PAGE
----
I remember the first time I heard the one time post-hardcore/screamo outfit Thursday. They were of a genre of music I swore I would never get into, but there was something about them I really was attracted to. Over the years I have watched them mature into phenomenal musicians and it’s no surprise that they decided to try something differently on their sixth studio release.
No Devolución is perhaps the band’s most involved album to date. It is not like any of their previous material and at times and really feels like a well put together work of genius. Geoff Rickly still does wonders with his signing ability while the rest of the band seems to have really mellowed out this round. This is the bands second release under Epitaph Records.
“Fast To The End”, a catchy rock jam, opened up the album. Rickly and crew seemed to keep to that known Thursday sound intact with some screaming thrown in around.
“No Answers” without a doubt was my choice track thanks to the catchy synths that easily could be compared to MGMT. The song flowed so well throughout with very poignant lyrics talking of relations with Rickly singing “No answers, no answers when you’re around” at the end of the track. Sad track, but beyond amazing to listen to.
“Open Quotes” on the other hand had a more aggressive approach. Hinting back at some of older Thursday material, the track had a couple shouts and screams and a little added distorted guitar playing, but overall really could have been a tougher track. It just seemed to dissolve by the end.
Starting slow was “Past And Future Ruins”, a killer track with heavy Muse matching guitar riffs as well as xylophone both over a steady floor tom beat. Rickly had no problem showcasing his vocal ability throughout and even tosses it in a distorted mess a couple of times giving for a very loathing tone.
“Empty Glass” was a sad, sad song. Although beautifully put together, the track was gloomy as hell and easily could bring the happiest person down to a whimpering lull. The electronic driven music along the pitch-shifting singing was haunting yet almost comforting to listen to.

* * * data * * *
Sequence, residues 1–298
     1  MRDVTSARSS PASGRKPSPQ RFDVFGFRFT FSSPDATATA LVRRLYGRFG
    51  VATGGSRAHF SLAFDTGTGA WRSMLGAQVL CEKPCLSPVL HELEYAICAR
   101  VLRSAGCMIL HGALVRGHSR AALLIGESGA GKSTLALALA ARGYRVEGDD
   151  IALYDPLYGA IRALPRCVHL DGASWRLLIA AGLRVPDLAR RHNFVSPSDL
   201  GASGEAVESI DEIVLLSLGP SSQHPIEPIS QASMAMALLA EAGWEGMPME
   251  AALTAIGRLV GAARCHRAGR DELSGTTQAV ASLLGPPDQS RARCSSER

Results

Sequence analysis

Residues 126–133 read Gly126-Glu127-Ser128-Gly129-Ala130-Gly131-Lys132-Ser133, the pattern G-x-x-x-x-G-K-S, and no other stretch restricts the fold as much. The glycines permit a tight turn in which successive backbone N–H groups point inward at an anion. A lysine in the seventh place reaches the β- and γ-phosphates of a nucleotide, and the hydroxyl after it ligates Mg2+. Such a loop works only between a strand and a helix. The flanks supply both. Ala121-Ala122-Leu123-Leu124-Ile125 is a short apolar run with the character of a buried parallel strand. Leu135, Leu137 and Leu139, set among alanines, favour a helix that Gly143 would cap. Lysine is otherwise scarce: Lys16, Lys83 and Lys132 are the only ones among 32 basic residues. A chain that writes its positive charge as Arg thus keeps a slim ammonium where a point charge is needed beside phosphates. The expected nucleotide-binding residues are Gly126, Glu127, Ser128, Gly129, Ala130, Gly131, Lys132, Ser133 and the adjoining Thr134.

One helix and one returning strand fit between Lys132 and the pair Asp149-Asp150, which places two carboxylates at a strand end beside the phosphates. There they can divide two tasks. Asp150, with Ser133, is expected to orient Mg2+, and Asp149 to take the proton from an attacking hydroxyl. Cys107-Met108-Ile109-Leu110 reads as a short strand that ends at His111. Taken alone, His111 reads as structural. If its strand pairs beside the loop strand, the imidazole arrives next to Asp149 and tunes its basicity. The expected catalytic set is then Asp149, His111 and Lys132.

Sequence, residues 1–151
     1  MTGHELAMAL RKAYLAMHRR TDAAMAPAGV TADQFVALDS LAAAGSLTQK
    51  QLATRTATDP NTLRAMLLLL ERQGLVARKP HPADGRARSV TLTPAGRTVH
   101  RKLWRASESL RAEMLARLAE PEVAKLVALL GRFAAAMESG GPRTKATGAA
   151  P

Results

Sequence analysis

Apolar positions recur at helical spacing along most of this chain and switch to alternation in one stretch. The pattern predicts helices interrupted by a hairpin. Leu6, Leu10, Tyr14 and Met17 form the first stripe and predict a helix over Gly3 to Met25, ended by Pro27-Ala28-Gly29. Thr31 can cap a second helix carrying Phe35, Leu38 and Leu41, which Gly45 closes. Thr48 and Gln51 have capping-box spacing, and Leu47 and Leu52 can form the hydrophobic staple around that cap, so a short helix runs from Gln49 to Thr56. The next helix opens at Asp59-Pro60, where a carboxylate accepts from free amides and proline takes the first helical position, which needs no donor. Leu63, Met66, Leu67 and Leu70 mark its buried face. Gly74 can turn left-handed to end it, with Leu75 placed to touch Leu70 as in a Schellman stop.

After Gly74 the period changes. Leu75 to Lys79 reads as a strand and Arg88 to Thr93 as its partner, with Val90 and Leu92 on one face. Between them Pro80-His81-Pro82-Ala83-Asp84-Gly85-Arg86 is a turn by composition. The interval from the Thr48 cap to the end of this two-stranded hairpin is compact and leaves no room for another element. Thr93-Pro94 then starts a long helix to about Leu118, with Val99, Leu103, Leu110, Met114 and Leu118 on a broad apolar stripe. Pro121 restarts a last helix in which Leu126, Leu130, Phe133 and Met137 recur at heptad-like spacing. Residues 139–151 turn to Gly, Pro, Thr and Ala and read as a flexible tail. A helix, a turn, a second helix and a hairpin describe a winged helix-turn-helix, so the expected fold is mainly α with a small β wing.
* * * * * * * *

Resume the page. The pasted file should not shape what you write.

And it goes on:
“A Gun In The First Act” was a darker sounding track with very NIN simular synthesizers in the background. The more I listened to it, the more I heard NIN’s version of “Dead Souls” originally performed by Joy Division in it. Overall the track was amazing and was one of my favorite cuts off the album.
“Turnpike Divides” brought the energy back with a old school Thursday feel to it. The track is a no-place-like-home tribute to good ol’ New Jersey. I loved the Bruce Springsteen reference, “it’s hard to sleep when you’re born to run.” This was another song I enjoyed a lot and just stood out over all the other tracks.
Putting an end to the masterpiece called No Devolución was “Stay True”, a motivational track aimed at just about anyone who wants to give it a listen. The Rollins-esque lyrics were quite stern yet compelling to follow along to. Aimed at a novice in life, this song has the ability to shed guidance on those who are looking for answers. Sometimes all it takes is a song for someone to guide them in the right direction.
No Devolución has made me a bigger Thursday fan. Over the years, my music taste tends to change and I find myself getting discouraged sometimes are bands who never challenge themselves. Sometimes the outcome is a disaster, but I have to hand it to Thursday, they put together an outstanding release without forgetting who they once were, and still are.